Leftist Actor Rallies For Hollywood Movie Tax Credits

Chuck Ross Investigative Reporter
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A well-known actor who has cozied up to third-world dictators like Venezuela’s Hugo Chavez is planning to attend a rally seeking tax incentives that will benefit wealthy Hollywood film production companies.

Danny Glover, who is best known for his role as Sgt. Roger Murtaugh in the “Lethal Weapon” franchise, will attend a rally at San Francisco’s Fairmont Hotel, Variety magazine reported.

Through a bill called the California Film and Television Job Retention and Promotion Act, California lawmakers are offering more tax incentives to filmmakers in the state in order to compete with programs in other states.

“Nearly 40 other states and 30 other nations offered nearly $1.5 billion in tax incentives last year to lure jobs and wages out of California, and the percentage of films made in California has gone from 66 percent to 40 percent in just a few years,” reads one flier for the event, according to Variety.

Under current California law, incentives for movies and TV series are capped at $100 million a year and 20 percent of production costs. Though the bill passed California’s state assembly 76 to 0, Saturday’s event will attempt to rally support from people outside of Hollywood and Los Angeles.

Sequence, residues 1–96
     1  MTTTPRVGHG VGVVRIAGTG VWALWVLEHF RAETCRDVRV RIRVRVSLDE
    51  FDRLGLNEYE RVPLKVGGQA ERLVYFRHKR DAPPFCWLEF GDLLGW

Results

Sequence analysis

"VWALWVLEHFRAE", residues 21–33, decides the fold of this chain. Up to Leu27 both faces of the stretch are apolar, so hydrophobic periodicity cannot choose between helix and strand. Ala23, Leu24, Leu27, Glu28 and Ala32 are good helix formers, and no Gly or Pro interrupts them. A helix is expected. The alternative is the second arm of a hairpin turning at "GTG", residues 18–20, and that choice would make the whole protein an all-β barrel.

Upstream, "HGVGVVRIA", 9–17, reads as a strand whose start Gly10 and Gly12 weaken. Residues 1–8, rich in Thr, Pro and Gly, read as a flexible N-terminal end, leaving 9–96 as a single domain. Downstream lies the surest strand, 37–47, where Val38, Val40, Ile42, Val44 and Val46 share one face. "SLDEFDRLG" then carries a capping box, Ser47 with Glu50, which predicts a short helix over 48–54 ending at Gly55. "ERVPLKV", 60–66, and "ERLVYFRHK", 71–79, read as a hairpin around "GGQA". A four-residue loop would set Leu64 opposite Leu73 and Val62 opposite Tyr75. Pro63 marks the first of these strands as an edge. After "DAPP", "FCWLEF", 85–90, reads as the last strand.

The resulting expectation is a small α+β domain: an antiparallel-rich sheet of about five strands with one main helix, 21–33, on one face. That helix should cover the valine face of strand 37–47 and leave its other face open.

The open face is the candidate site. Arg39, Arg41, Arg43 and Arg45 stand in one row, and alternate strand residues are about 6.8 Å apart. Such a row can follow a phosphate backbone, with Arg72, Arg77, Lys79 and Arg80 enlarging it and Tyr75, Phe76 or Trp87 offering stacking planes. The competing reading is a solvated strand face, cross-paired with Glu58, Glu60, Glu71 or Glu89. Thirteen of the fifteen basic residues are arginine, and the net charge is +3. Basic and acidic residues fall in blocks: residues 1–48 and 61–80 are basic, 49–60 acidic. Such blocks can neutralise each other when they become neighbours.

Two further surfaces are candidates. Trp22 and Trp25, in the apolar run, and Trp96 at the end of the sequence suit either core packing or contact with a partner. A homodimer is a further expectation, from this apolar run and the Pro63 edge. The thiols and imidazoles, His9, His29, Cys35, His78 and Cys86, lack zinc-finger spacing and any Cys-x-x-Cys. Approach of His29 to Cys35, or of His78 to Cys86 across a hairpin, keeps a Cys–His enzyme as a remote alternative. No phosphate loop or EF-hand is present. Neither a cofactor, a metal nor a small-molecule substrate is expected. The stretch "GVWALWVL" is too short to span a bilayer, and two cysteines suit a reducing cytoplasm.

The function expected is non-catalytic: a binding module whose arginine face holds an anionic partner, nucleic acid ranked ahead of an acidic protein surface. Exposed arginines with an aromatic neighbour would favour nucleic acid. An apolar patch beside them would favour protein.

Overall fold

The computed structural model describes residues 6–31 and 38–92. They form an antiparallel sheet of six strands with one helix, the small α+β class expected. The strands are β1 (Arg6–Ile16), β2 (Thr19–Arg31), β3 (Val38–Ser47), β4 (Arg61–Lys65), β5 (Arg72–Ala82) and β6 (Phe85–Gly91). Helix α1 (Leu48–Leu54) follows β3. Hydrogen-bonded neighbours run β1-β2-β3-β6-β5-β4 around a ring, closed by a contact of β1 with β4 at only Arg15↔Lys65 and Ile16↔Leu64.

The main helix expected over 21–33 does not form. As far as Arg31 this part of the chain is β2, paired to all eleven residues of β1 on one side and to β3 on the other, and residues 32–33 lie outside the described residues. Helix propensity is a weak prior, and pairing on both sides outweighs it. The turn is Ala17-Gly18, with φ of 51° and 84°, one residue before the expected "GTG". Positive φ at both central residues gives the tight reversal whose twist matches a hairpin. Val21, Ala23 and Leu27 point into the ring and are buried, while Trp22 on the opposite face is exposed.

A dollar amount has yet to be attached to the proposal. Assuming it clears the California Senate, the incentive package is expected to take effect in 2016.

Demand for the incentives has drastically outpaced supply. According to Variety, 23 out of 497 productions up for consideration were chosen to receive tax credits.

Glover is a well-known political activist. In 2006, along with entertainer-activist Harry Belafonte, he visited Venezuelan President Hugo Chavez.

In 2010, he called for his fellow actors to avoid wearing attire from designer Hugo Boss after the company laid off workers at an Ohio factory.

Glover has also showed inconsistency on which wealthy industries he seeks to give government-backed incentives.

In 2012, he joined a campaign out of Richmond, Calif. to tax soft drinks.

“Big corporations that sell sugary drinks are profiting while our kids grow sick and overweight,” said Glover at the time.

If passed, the incentive bill will provide relief to an already profitable industry. In 2013, the four biggest Hollywood studios — Warner Brothers, Disney, Universal and Fox — pulled in $16.8 billion in revenue. That was up from $14.7 billion the year before.

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